Alireza Ghaemi is head of Building Management Services (BMS) at the Vienna International Centre (VIC). More to the point, he's the man responsible for leading on the making this massive complex more sustainable, and pioneering an innovative special fund to finance it.
When he took on the job in February 1999, the VIC was in desperate need of refurbishment, having operated for 20 years with little done to the building. Among the many problem issues demanding his attention were improvements to systems and equipment, attention to the external structure, roof and facades, the removal of asbestos contamination, and a thorough environmental upgrade.
An engineer and construction manager with a PhD in Sustainable Construction Industry and Buildings Operations, and some 10 years of private sector experience before first joining the United Nations Industrial and Development Organisation (UNIDO) to head the BMS civil engineering unit in September 1997, Mr Ghaemi began by drawing up a priority plan to address the most urgent issues. Costed at 4.5 million Euros, this first set of projects was implemented in just 11 months, more than eight times faster than the previous norm for BMS projects. His second step focused on operational costs, introducing a number of cost-saving measures such as the renegotiation of the electricity supply and elevator maintenance contracts; these two changes alone saved the VIC over 1 million Euros a year.
When a survey revealed the massive extent of asbestos contamination in various parts of the building complex, a comprehensive programme had to be negotiated to have it all removed. The host country was eventually persuaded to foot the bill, amounting to some 100 million Euros over a 10 year period.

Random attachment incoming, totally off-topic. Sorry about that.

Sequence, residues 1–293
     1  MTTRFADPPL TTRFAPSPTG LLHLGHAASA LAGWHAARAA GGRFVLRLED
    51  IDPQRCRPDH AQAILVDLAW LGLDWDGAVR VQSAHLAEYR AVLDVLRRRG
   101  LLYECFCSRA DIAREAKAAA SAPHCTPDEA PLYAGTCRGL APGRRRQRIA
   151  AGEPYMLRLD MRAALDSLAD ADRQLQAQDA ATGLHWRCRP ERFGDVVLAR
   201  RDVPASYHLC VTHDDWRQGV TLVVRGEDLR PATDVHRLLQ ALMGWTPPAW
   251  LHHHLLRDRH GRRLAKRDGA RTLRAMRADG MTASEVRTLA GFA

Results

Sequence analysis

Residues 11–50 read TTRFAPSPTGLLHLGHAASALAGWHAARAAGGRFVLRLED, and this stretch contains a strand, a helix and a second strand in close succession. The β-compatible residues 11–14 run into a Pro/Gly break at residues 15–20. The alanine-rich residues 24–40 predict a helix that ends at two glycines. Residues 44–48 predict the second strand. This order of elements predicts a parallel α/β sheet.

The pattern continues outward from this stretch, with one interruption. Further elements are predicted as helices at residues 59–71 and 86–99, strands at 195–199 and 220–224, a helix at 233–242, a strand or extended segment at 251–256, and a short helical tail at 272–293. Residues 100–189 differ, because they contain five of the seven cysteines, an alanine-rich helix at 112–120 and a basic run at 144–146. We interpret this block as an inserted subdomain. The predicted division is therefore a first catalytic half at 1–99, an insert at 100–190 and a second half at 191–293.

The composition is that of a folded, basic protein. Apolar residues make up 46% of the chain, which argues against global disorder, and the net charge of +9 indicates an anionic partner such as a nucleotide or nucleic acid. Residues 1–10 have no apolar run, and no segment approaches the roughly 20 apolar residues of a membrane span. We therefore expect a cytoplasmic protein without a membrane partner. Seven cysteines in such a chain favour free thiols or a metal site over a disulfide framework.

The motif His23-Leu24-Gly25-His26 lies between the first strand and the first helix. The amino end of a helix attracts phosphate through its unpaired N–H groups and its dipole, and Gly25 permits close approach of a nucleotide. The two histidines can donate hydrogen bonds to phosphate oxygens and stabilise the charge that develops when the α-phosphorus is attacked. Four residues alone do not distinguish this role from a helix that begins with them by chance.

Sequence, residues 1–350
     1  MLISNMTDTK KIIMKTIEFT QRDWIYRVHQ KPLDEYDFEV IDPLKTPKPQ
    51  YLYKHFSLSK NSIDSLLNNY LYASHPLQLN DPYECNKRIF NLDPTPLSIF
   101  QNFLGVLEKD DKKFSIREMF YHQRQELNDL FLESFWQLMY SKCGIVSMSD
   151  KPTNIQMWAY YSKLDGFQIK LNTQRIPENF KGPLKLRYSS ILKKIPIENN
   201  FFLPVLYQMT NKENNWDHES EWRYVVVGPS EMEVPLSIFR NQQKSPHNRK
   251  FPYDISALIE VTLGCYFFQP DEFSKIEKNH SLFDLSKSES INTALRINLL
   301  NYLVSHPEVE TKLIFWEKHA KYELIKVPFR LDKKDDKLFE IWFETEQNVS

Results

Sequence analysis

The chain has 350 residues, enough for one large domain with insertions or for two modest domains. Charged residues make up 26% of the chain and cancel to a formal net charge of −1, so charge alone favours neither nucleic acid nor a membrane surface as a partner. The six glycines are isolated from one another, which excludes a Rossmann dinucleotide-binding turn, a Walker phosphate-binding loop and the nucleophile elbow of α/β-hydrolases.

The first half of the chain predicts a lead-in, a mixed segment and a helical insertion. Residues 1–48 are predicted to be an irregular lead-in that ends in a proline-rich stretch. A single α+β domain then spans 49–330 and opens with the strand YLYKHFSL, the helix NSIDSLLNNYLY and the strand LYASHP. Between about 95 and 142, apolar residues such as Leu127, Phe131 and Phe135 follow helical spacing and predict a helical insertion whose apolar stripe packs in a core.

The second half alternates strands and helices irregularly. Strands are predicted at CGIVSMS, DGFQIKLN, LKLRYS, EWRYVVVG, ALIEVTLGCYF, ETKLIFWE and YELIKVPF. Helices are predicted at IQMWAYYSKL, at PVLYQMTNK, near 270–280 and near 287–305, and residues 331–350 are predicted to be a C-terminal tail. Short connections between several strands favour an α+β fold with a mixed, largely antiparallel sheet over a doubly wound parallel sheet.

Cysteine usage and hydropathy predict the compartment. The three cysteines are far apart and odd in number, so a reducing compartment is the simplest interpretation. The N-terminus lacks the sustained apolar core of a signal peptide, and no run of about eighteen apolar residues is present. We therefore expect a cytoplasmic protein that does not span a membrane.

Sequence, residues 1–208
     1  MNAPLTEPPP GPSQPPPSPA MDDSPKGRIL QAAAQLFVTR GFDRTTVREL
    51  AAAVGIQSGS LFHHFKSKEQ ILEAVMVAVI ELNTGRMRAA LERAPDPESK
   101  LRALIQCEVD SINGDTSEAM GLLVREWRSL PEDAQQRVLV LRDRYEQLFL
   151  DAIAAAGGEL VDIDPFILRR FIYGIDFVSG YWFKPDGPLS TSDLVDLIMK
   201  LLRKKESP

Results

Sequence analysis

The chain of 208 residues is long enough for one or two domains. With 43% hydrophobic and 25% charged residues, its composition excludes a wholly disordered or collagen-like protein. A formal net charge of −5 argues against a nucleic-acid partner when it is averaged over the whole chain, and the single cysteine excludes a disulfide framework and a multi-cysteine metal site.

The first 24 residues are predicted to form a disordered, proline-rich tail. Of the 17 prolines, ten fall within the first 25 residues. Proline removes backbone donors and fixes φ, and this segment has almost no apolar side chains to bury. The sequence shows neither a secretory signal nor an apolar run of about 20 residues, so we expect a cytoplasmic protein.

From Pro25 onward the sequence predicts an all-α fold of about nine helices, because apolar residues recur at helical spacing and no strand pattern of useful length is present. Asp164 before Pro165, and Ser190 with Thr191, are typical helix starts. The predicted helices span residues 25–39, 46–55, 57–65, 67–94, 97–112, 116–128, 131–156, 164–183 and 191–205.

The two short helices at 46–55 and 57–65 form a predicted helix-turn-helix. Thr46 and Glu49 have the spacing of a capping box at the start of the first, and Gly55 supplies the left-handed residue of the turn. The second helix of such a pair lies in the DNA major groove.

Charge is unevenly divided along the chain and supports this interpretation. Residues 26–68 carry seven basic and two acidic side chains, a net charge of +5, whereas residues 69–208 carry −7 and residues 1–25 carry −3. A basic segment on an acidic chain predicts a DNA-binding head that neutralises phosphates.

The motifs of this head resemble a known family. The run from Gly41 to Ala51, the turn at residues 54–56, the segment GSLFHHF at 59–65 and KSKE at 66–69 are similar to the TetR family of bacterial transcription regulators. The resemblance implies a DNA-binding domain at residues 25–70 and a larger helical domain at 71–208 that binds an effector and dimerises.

But Mr Ghaemi's proudest achievement is the overhaul, renovation and upgrading programme by which, as he says, “the VIC, by far the UN's largest building complex, was turned into the most modern, least costly, most energy efficient and greenest of them all.”
His programme, which also spanned a 10 year time frame, came in at an overall cost (besides the asbestos removal) of some 75 million Euros. It deliberately focused on projects which met a range of key criteria:
Mr Ghaemi thinks that the multi-purpose nature of all the measures he put forward, and the fact that these improvements entailed no increase in ongoing operational and maintenance budgets, were crucial factors in getting the plan approved. “I firmly believed and still believe”, he says, “that it would have been very difficult, if not impossible, to generate additional funds ... especially if it were just for the sake of energy savings.” As it was, it was still a daunting task to obtain the funds, and to win agreement for his radical proposals for managing them. Nevertheless, by painstaking detailed work and lengthy consultation, the member states and the four VIC-based organizations who finance the BMS budget were won over to the Special Fund idea. Finally approved by the governing bodies and established with effect from 1 January 2002, this innovative mechanism enables the BMS to run its operations and projects in a way that is not subject to certain constraints of standard UN budgeting. In particular, because unutilized balances do not have to be returned to the member states at the end of each budgetary cycle, it can make longer term investments, and reinvest the savings.
By creating this mechanism, putting his proposals into action without requesting additional regular budget funds, and achieving a combination of cost reductions and real sustainability gains for the VIC, Mr Ghaemi hopes to have helped show a way forward for future sustainability projects throughout the UN. Aware that buildings and their operation are responsible for almost 53% of all carbon dioxide emissions worldwide, he is driven by the desire to make the UN a beacon of best practice in their management. The work of the UN, as he puts it, “must address sustainability goals starting from our own homes”.